7. The system of claim 5, wherein the plurality of possible voltages include a minimum voltage, a maximum voltage and a plurality of intermediate voltages between the minimum and maximum voltages.
8. The system of claim 1, wherein the control signals include an up control signal and a down control signal, wherein when the up control signal is asserted, the control circuitry is configured to assert the up signal provided to the charge pump and wherein when the down control signal is asserted, the control circuitry is configured to assert the down signal provided to the charge pump.
9. The system of claim 1, wherein the control circuitry comprises a plurality of logic gates configured to combine the test signal and the initialization signal with the up control signal and the down control signal to generate the up and down signals, and the test signal and the initialization signal are selectively asserted to cause the PLL circuit to operate in one of a normal operational mode, a test mode, and an initialization mode.
10. A system implemented in a phase-locked loop (PLL) circuit, comprising:
a charge pump configured to receive up and down signals and to maintain a voltage at an output of the charge pump based on the up and down signals;
control circuitry coupled to the charge pump and configured to provide the up and down signals to the charge pump in either a first mode or a second mode;
wherein in the first mode, the control circuitry is configured to pass through signals received from a phase frequency detector as the up and down signals;
wherein in the second mode, the control circuitry is configured to override at least one of the signals received from the phase frequency detector to drive a voltage at an output of the charge pump to a selectable test voltage;
wherein the control circuitry and the charge pump include multiple sets of components, wherein each set includes
up control logic configured to receive one of the signals from the phase frequency detector and an up control signal and to generate an up signal to switch a corresponding current source transistor in the charge pump on and off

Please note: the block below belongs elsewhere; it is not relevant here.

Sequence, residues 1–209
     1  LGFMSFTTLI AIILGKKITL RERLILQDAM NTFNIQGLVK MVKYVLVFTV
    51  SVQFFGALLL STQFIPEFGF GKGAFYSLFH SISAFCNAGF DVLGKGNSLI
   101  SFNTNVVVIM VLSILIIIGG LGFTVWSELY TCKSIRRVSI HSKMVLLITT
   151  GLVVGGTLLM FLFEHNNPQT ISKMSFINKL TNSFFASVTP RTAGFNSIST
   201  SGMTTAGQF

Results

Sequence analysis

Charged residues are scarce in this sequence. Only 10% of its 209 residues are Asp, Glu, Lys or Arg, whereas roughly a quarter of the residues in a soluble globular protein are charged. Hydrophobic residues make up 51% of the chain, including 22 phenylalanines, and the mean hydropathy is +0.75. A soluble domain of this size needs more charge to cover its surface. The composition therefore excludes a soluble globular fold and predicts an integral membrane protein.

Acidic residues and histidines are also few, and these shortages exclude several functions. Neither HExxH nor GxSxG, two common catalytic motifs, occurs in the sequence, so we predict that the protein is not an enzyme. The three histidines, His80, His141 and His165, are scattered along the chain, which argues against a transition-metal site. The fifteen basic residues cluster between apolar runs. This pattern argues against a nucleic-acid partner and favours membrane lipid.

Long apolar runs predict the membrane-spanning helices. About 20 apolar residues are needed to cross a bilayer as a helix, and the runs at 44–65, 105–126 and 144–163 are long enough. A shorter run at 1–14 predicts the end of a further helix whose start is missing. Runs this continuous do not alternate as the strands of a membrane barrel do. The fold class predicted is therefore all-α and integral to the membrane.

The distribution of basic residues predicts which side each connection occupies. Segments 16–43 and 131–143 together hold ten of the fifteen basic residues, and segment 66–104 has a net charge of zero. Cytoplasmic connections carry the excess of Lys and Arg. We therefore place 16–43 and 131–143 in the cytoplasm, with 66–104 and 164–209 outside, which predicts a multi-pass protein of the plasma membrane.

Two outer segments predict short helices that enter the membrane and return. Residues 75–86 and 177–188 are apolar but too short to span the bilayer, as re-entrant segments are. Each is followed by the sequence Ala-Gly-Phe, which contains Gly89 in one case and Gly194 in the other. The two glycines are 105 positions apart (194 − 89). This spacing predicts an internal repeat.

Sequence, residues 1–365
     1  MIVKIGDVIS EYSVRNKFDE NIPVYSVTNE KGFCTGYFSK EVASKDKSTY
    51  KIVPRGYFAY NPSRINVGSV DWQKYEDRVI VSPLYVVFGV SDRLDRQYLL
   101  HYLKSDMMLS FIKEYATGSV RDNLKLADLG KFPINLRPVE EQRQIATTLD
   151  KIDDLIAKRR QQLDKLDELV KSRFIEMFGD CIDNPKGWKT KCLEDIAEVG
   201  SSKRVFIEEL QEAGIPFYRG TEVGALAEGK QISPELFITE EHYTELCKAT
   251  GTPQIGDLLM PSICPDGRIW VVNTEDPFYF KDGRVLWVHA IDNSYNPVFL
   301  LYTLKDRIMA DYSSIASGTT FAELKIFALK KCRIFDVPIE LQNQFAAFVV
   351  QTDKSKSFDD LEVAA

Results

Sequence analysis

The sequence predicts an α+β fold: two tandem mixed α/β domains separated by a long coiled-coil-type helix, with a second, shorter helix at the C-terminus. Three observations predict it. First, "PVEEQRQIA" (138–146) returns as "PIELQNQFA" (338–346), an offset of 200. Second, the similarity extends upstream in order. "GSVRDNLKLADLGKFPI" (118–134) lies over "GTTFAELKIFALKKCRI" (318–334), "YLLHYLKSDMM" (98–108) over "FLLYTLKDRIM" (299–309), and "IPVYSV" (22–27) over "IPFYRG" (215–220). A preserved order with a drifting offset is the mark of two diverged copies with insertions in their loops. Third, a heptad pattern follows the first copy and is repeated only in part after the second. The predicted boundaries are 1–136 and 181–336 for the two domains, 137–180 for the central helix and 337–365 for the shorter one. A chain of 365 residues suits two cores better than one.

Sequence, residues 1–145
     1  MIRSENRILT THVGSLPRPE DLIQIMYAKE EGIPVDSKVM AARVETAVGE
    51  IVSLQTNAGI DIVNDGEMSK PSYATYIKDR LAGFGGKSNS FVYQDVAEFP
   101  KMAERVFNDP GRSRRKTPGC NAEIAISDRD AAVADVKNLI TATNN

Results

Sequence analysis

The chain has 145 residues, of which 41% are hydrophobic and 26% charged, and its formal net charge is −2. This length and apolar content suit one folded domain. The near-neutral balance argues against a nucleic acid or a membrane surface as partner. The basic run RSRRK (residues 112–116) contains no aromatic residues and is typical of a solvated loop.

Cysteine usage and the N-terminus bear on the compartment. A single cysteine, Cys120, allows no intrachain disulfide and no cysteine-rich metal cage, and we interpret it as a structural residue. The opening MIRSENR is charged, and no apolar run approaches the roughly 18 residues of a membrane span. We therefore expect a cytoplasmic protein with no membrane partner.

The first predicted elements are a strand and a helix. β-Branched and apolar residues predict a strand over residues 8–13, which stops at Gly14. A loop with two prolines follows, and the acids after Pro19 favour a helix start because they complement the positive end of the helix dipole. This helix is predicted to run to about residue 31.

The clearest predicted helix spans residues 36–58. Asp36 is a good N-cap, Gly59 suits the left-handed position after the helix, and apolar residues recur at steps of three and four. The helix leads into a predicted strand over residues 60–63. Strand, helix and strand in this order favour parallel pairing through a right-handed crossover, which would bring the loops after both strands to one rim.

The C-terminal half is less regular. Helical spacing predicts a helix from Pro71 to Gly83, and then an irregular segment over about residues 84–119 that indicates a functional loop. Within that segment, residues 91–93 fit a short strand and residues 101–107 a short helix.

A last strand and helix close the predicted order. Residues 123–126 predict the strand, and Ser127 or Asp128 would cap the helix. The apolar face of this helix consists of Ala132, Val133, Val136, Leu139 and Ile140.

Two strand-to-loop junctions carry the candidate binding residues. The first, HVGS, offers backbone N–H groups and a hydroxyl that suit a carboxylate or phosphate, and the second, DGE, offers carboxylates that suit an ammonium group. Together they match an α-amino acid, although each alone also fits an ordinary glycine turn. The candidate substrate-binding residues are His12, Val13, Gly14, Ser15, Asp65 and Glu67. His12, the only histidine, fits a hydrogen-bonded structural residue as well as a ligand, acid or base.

down control logic configured to receive one of the signals from the phase frequency detector and a down control signal and to generate a down signal to switch a corresponding current drain transistor in the charge pump on and off; and
wherein the control circuitry is configured to selectively switch the transistors of the charge pump on and off to drive the charge pump to generate multiple intermediate voltages at the output of the charge pump.
11. The system of claim 10, further comprising the phase frequency detector.
12. The system of claim 11, further comprising a voltage controlled oscillator coupled to the output of the charge pump, wherein the voltage controlled oscillator is configured to generate a signal having a frequency corresponding to the voltage at the output of the charge pump.
13. The system of claim 12, further comprising a frequency divider coupled to the output of the voltage controlled oscillator, wherein the frequency divider is configured to receive the output signal of the voltage controlled oscillator and to generate a feedback signal having a frequency which is equal to the frequency of the output signal of the voltage controlled oscillator divided by a first factor, wherein the phase frequency detector is coupled to the frequency divider to receive the feedback signal and is configured to generate the signals provided to the control circuitry based upon comparison of the feedback signal with a reference signal.
14. The system of claim 10, wherein the control circuitry is configured to receive one or more control signals, wherein the control circuitry is configured to enter one of the first and second modes based upon the control signals.
15. The system of claim 14, wherein the control circuitry is configured to select the test voltage from a plurality of possible voltages based upon the control signals.
16. The system of claim 15, wherein the plurality of possible voltages include a minimum voltage, a maximum voltage and a mid-range voltage.
17. The system of claim 15, wherein the plurality of possible voltages include a minimum voltage, a maximum voltage and a plurality of intermediate voltages between the minimum and maximum voltages.